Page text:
When Americans United went to court to challenge the Reagan administration’s decision to establish diplomatic ties with the Holy See in 1984, we warned that the exchange of ambassadors could have unintended consequences.
Has it ever.
The pedophilia scandal is now worldwide in scope. Evidence continues to mount that Pope Benedict XVI and other top church officials knew about the abuse but didn’t contact relevant law enforcement agencies or discipline offending priests internally. Instead, they often reassigned clerics to other parishes – where many committed more offenses.
Victims seeking justice want to know what the Vatican knew and how involved church officials were in covering up the crimes. But their efforts to get that information have been stymied because the Holy See – the headquarters of the church– claims immunity as a sovereign state.
Yet the Holy See is a “nation” in name only. Sure the Vatican City State holds sway over 110 acres in Rome. But our diplomatic relationship is not with Vatican City, but with the Holy See, the office of the pope itself.
This pretend papal statehood has produced ample negative consequences. Through its observer status at the United Nations, for example, the Holy See has repeatedly meddled in international affairs, seeking to thwart efforts to expand rights for women and gay people.
Now the pope is invoking sovereign immunity to block litigation in America brought by the victims of abuse. Last month, Giuseppe dalla Torre, a Vatican legal adviser, arrogantly insisted that U.S. lawsuits against the pope are futile.
“The pope is certainly a head of state, who has the same juridical status as all heads of state,” he proclaimed.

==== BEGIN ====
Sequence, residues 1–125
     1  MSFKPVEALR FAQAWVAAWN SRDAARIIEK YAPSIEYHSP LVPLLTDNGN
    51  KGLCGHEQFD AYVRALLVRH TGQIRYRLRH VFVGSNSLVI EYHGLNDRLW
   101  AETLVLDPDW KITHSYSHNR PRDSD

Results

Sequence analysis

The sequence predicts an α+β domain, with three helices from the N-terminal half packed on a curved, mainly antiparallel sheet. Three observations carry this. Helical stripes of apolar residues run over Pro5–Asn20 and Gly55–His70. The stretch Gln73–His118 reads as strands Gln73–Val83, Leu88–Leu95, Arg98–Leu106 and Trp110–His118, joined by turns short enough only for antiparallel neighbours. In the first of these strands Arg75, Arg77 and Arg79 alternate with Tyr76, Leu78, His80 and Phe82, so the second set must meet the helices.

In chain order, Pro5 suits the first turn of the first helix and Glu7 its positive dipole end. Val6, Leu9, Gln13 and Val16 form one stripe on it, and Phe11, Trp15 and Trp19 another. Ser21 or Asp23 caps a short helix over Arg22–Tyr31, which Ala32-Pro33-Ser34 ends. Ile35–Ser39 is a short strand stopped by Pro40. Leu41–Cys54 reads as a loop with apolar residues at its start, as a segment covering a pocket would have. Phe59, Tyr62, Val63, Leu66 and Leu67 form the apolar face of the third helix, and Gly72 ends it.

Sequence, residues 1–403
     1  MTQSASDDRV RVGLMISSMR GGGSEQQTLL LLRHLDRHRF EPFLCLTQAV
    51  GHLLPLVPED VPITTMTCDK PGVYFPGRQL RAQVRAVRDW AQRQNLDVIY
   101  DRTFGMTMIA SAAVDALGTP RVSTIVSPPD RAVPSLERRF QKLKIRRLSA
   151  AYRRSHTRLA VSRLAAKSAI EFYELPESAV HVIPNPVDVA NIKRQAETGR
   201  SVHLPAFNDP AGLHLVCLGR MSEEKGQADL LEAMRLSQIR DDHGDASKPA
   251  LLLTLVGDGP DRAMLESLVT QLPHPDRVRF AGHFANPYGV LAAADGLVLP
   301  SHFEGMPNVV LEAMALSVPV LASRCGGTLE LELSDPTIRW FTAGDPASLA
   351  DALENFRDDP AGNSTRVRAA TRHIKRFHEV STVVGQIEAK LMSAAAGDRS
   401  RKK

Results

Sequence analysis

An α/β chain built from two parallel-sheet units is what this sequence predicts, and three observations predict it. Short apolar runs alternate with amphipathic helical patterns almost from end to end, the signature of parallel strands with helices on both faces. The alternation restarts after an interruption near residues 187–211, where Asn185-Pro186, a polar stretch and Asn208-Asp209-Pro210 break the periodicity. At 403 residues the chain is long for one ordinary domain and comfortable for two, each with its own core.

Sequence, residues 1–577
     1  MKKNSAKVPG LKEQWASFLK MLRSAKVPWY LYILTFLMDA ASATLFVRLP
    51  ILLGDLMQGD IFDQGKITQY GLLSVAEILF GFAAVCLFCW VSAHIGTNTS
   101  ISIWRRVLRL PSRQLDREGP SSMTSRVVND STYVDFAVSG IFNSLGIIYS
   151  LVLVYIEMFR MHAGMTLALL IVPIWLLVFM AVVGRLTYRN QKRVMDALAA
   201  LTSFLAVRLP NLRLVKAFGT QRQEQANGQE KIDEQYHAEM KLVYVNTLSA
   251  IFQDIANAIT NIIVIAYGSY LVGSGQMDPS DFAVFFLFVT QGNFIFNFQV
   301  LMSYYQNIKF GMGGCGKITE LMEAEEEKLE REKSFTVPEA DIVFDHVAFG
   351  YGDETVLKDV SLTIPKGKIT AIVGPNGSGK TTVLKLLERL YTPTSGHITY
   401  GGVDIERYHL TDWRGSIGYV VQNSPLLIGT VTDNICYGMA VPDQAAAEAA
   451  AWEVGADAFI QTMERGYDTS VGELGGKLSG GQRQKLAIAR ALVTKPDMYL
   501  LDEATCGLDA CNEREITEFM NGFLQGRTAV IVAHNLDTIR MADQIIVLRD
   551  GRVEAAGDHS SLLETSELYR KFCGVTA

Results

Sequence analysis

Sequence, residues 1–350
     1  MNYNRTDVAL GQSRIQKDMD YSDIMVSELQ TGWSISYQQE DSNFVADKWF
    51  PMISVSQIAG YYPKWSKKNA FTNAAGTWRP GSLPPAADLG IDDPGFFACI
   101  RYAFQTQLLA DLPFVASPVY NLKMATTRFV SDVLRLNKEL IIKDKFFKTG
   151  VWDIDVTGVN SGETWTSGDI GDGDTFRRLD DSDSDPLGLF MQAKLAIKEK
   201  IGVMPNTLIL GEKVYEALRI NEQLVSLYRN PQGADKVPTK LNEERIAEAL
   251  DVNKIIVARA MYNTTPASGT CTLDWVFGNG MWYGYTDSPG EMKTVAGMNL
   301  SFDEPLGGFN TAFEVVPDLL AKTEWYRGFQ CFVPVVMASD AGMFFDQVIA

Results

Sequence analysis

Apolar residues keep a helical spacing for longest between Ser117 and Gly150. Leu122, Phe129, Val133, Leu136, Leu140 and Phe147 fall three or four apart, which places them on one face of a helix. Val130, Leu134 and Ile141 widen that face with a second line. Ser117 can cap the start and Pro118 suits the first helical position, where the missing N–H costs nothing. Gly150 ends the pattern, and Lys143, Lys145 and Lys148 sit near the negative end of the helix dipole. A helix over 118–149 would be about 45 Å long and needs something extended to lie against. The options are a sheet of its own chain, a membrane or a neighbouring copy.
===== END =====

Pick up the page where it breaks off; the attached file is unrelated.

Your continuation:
Americans United’s lawsuit challenging U.S. diplomatic ties with the Holy See was tossed out on technical grounds. That’s a shame. Had the suit been allowed to move forward, questions about the pope’s claim of sovereignty might have received the examination they deserved.
AU questioned the legality of the American government having a special legal relationship with one church – a relationship that can never be duplicated with any other denomination.
Instead of seriously examining that issue and claims of Vatican statehood, a federal appeals court allowed the Reagan administration to plow forward, overlooking the fact that permitting the world’s most powerful nation to officially recognize the Vatican could only boost the church’s claims to be a sovereign state.
Twenty-six years later it’s obvious what a mistake that was, and now some scholars and legal experts are finally calling for a reexamination of the pope’s claims to immunity. But it may be too late.
The stories of the victims of clerical abuse are heart-breaking. Some have won settlements in civil court but seek another type of justice: holding accountable those who covered up the abuse or made it possible by shuttling molester priests around the country.
The myth of papal statehood is an impediment to this final form of justice. For the sake of the rule of law and simple human decency, that block must be removed.